Bishop Timothy A. McDonnell

Bishop McDonnellPlace of Birth and Home Parish
New York, N.Y. I grew up in three different parishes, all in the Bronx: St. Francis, St. Anthony, and Holy Cross

High School
Cathedral Preparatory Seminary

St. Joseph’s Seminary, Yonkers, N.Y.; later I received a master’s degree at Iona College.

Date of Ordination
June 1, 1963

What assignments have you had since ordination?

Regular Assignments: Associate pastor of Our Lady of Perpetual Help, Ardsley, N.Y., 1963-1970; assistant director of the Archdiocesan Office for Christian and Family Development (CCD, family life, pro-life), 1970 – 1977; director of the Archdiocesan Propagation of the Faith, 1977-1980; vice-chancellor (Building Commission, Purchasing Agency) 1980 – 1984; pastor of Holy Trinity Parish in Manhattan, 1984 – 1990; chief operating officer of Archdiocesan Catholic Charities, 1990-1993; pastor of St. John and St. Mary Parish, Chappaqua, N.Y., 1993-2002; vicar general of the Archdiocese of New York, 2002-2004.

Special Assignments: Religion faculty of Maria Regina High School, Hartsdale, N.Y., 1963-1969; chaplain at Cardinal McCloskey School/Home, White Plains, N.Y., 1971- 1977; episcopal vicar of West Manhattan, 1989 – 1990; acting deputy president and deputy CEO of Covenant House, 1990.

What have been some of the greatest joys for you as a priest?

Celebrating Mass and the sacraments with and for people; helping people to grow in faith and in closeness to God; working with other priests, religious and laity in parishes and other ministries.

Who influenced you most to consider the vocation to priesthood?

I’m told that I said at the age of 3 that I wanted to be a priest. I can’t remember a time when I thought differently. My family – both my mother and father were people of prayer; I had a great-uncle, born in Ireland, who was a priest in Florida. He was a truly happy man whom I admired. I witnessed his compassion and concern. All those things – and God’s grace – had its effect on me.

What was your background before you entered seminary?

My father owned a gas station where I worked in high school and college: pumping gas, fixing flats, greasing cars. Back then, I could take an engine apart and put it together. In college, I also was a member of the elevator operators union and ran elevators in Manhattan apartment buildings.

What would people be surprised to know about you?

I’m a half-way decent short-order cook.

What are some of your hobbies?

Besides upholding the Yankees, I’ve always been an avid reader – history and biography in particular. It’s well known I enjoy puns – but anagrams too, and crossword puzzles, especially the Sunday Times ones.

What are some of your favorite books/spiritual reading/magazines?

I have a collection of Bible translations that I compare. It’s so difficult to get all the nuances of another language exactly; so, by comparing translations I gain a deeper sense of the original. The Divine Office, especially the readings from the Fathers of the Church, is a wonderful school in which to learn. I wish more people knew of its richness for prayer.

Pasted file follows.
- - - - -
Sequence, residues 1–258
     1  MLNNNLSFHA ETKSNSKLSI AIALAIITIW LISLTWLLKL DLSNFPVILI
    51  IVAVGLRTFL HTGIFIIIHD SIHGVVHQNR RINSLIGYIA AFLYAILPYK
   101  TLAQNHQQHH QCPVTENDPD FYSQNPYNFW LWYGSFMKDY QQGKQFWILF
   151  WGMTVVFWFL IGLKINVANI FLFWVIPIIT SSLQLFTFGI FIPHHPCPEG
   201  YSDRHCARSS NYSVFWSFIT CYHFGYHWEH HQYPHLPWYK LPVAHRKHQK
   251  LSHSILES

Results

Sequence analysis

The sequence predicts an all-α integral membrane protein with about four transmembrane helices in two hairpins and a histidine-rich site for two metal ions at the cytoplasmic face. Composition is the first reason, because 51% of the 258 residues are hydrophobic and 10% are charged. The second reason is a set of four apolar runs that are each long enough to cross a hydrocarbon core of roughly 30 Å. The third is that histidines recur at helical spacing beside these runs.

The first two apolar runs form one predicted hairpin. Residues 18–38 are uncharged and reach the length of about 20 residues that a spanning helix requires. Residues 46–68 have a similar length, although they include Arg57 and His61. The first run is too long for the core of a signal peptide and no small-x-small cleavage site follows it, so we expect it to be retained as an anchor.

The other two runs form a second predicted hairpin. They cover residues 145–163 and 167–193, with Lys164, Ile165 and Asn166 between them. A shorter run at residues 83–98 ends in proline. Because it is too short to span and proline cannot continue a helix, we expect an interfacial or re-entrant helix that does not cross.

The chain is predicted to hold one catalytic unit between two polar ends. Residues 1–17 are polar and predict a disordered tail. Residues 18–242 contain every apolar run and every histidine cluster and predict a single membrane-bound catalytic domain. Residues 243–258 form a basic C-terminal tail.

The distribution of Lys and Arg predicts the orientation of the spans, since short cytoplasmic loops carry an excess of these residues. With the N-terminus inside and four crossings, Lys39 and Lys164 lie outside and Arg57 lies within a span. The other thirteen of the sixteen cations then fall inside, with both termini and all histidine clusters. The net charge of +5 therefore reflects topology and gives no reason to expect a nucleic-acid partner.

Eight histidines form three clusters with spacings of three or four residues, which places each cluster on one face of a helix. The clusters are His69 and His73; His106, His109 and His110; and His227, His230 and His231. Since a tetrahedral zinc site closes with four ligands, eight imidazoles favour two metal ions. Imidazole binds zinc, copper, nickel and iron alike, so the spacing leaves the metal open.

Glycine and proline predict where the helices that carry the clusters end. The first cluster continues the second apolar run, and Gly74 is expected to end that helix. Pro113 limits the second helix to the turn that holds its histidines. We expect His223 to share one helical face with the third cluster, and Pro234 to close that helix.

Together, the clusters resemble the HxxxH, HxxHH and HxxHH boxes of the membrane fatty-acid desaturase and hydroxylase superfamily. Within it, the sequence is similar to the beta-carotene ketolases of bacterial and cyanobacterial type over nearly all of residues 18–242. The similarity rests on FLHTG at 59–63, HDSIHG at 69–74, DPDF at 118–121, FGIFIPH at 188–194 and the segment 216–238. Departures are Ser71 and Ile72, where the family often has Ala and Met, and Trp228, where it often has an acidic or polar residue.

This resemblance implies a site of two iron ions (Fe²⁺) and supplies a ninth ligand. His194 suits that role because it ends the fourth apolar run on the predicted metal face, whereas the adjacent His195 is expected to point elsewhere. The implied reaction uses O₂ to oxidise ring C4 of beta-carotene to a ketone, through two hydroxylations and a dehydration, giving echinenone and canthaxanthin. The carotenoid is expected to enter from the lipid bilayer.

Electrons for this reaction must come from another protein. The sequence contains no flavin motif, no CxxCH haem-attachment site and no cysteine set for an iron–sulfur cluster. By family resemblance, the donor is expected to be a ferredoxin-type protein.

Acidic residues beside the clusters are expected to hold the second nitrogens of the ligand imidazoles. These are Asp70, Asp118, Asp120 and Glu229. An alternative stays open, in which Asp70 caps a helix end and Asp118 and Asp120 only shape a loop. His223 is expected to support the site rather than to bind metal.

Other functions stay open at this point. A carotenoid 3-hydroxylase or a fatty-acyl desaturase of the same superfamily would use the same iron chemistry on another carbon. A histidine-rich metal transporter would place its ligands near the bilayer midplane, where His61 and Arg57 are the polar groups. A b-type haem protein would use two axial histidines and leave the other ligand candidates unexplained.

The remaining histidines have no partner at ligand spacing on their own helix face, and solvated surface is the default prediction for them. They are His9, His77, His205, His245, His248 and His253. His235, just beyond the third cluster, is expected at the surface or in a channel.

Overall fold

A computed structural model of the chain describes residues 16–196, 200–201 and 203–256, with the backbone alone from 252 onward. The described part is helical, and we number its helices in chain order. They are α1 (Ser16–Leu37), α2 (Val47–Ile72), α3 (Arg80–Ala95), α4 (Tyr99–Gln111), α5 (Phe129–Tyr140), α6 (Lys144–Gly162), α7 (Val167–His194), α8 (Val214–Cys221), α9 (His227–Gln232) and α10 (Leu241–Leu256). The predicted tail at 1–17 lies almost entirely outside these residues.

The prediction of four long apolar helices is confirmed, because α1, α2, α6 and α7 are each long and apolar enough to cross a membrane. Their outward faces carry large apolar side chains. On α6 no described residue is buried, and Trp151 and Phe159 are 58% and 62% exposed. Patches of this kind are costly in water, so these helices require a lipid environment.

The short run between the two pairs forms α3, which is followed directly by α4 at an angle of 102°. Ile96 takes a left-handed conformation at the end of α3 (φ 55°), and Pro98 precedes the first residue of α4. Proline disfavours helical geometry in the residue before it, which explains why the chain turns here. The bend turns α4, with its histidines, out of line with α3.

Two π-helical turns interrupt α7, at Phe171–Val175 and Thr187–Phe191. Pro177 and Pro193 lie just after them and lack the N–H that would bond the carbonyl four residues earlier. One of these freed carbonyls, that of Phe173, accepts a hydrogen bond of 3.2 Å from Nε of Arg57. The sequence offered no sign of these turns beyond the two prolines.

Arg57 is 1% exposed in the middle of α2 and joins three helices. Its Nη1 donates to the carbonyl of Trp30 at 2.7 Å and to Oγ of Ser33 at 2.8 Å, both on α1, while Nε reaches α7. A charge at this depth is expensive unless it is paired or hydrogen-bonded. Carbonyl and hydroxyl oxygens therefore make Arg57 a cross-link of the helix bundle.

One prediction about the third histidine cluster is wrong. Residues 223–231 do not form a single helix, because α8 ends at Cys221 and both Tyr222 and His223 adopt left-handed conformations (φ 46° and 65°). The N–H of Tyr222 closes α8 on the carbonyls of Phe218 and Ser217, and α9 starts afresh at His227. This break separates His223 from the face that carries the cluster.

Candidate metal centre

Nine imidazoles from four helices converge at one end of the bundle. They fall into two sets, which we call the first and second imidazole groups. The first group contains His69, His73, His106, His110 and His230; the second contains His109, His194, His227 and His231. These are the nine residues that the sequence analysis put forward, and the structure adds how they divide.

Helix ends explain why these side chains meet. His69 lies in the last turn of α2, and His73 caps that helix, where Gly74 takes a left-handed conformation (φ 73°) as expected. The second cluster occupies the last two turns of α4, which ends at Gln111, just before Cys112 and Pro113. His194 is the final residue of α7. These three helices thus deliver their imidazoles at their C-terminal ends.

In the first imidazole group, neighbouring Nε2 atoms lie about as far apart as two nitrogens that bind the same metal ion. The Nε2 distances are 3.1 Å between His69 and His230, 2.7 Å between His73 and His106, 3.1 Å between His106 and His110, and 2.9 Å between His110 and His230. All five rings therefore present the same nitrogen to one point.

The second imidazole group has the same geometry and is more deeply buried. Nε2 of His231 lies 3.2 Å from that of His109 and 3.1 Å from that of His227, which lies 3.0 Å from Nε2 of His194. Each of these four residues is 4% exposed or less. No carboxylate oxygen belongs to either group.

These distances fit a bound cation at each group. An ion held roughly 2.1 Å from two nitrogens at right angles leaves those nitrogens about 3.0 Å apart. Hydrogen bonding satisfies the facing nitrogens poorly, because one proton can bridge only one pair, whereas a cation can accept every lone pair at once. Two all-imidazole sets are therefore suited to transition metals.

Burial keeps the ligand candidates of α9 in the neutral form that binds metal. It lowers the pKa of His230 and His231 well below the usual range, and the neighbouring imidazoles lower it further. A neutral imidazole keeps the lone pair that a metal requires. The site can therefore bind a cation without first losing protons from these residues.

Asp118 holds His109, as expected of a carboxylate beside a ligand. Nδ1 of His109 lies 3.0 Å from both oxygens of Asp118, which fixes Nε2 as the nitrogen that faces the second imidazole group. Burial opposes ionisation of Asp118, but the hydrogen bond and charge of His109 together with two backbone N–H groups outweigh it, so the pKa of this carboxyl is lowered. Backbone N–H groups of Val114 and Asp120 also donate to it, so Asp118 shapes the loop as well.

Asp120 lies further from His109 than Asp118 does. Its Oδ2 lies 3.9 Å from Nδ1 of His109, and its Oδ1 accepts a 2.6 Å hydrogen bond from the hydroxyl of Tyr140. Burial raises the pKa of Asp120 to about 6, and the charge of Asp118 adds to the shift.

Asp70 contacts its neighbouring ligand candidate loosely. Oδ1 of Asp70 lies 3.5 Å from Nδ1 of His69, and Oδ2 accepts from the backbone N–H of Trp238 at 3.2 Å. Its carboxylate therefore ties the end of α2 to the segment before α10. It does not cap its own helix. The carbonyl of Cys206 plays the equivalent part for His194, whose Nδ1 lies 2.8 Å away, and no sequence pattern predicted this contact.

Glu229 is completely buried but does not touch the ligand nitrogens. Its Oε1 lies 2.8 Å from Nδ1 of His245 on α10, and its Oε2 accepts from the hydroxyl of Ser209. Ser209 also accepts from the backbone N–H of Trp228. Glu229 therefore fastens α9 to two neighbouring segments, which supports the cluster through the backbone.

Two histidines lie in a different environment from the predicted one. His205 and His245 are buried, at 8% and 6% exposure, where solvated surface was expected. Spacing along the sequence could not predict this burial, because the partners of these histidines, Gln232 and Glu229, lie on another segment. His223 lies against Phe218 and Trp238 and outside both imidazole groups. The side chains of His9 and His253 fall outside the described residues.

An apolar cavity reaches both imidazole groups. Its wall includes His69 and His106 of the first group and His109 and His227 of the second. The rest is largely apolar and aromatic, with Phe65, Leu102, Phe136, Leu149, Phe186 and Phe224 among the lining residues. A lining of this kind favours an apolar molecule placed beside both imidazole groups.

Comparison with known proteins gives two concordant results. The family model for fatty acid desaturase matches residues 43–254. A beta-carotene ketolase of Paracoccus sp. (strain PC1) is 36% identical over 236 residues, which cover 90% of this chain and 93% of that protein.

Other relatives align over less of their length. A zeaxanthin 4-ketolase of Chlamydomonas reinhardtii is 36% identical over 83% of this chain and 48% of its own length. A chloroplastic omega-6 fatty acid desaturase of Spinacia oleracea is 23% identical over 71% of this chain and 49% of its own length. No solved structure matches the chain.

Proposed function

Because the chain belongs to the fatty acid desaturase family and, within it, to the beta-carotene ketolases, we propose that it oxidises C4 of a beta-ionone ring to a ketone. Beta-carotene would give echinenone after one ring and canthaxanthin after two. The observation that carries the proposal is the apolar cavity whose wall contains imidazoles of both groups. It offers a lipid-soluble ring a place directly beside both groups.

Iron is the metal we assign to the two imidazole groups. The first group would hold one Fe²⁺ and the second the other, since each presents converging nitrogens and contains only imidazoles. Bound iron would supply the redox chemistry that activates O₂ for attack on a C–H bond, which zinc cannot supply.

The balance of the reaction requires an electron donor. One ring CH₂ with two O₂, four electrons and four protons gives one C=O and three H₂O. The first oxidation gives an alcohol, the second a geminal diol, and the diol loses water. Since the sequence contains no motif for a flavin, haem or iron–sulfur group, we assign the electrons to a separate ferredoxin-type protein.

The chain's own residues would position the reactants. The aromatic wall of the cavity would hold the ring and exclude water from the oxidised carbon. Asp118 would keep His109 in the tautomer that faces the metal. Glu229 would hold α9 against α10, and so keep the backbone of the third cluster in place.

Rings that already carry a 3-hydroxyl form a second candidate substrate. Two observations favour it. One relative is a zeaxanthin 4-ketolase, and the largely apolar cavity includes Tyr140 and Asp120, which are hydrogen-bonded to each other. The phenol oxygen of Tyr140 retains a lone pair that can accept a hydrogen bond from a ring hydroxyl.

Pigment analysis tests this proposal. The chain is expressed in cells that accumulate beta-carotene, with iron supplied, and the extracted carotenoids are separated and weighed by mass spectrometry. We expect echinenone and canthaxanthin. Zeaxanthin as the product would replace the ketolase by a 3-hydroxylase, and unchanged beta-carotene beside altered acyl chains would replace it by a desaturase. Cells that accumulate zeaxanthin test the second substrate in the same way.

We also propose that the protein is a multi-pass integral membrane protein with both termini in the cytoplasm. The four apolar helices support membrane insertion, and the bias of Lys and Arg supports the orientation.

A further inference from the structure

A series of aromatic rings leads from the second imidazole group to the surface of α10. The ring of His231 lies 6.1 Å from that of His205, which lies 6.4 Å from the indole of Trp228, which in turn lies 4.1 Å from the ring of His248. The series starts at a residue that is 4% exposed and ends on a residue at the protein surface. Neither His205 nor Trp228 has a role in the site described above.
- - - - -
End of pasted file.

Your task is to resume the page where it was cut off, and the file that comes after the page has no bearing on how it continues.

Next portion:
Who is a hero to you?

There are so many. There’s a talk I used to give called “Saints I Have Known.” It focuses on people whom I’ve known personally and on those whom I never met but still have influenced me. They’re all candidates for canonization. The ones I’ve met are Terence Cardinal Cooke, Dorothy Day, Father Walter Ciszek, Mother Teresa, and Pope John Paul II; the others include Charles de Foucauld, Pope John XXIII, Pierre Toussaint, and Father Felix Varela. Their stories all influenced me.

What are some ways that we can help all people/families understand their role in promoting and supporting vocations?

I don’t think I ever heard my father use the word “vocation.” But he lived his. As a young child, I used to see him come home after a long day at the gas station, wash up, eat supper, and then before going to bed kneel down quietly to say his prayers. That had a profound influence on me. It told me prayer was important, that God was important. If by deed more than word parents convey that notion, they are promoting and supporting vocations – both the overall vocation we all have from baptism, and the individual vocations to which God calls us.

What advice would you give a young man who is contemplating a vocation to the priesthood?

There’s a preface in one of the Masses that says: “You choose the weak and make them strong in bearing witness to you.” In other words, God always gives the graces needed when He calls us to a particular state of life. So, any man, young or older, should first talk with a priest, regularly take part in Mass and sacraments, pray, read, and, very practically, contact a vocation director like Father Gary M. Dailey (